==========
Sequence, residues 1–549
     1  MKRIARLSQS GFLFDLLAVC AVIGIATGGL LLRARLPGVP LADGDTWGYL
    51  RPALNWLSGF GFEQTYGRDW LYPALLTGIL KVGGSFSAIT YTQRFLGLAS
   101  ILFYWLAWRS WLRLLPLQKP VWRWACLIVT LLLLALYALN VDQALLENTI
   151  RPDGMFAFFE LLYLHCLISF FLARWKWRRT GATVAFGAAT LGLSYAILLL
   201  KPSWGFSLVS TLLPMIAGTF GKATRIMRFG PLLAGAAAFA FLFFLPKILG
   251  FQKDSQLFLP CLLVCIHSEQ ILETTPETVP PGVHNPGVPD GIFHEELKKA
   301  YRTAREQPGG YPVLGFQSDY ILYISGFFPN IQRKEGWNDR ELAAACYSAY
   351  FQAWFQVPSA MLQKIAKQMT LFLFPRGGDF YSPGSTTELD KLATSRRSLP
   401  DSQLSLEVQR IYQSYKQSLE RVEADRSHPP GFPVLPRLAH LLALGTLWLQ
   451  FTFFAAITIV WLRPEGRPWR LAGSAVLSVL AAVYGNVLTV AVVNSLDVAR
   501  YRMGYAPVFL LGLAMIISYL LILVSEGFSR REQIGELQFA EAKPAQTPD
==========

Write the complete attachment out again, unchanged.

Sequence, residues 1–549
     1  MKRIARLSQS GFLFDLLAVC AVIGIATGGL LLRARLPGVP LADGDTWGYL
    51  RPALNWLSGF GFEQTYGRDW LYPALLTGIL KVGGSFSAIT YTQRFLGLAS
   101  ILFYWLAWRS WLRLLPLQKP VWRWACLIVT LLLLALYALN VDQALLENTI
   151  RPDGMFAFFE LLYLHCLISF FLARWKWRRT GATVAFGAAT LGLSYAILLL
   201  KPSWGFSLVS TLLPMIAGTF GKATRIMRFG PLLAGAAAFA FLFFLPKILG
   251  FQKDSQLFLP CLLVCIHSEQ ILETTPETVP PGVHNPGVPD GIFHEELKKA
   301  YRTAREQPGG YPVLGFQSDY ILYISGFFPN IQRKEGWNDR ELAAACYSAY
   351  FQAWFQVPSA MLQKIAKQMT LFLFPRGGDF YSPGSTTELD KLATSRRSLP
   401  DSQLSLEVQR IYQSYKQSLE RVEADRSHPP GFPVLPRLAH LLALGTLWLQ
   451  FTFFAAITIV WLRPEGRPWR LAGSAVLSVL AAVYGNVLTV AVVNSLDVAR
   501  YRMGYAPVFL LGLAMIISYL LILVSEGFSR REQIGELQFA EAKPAQTPD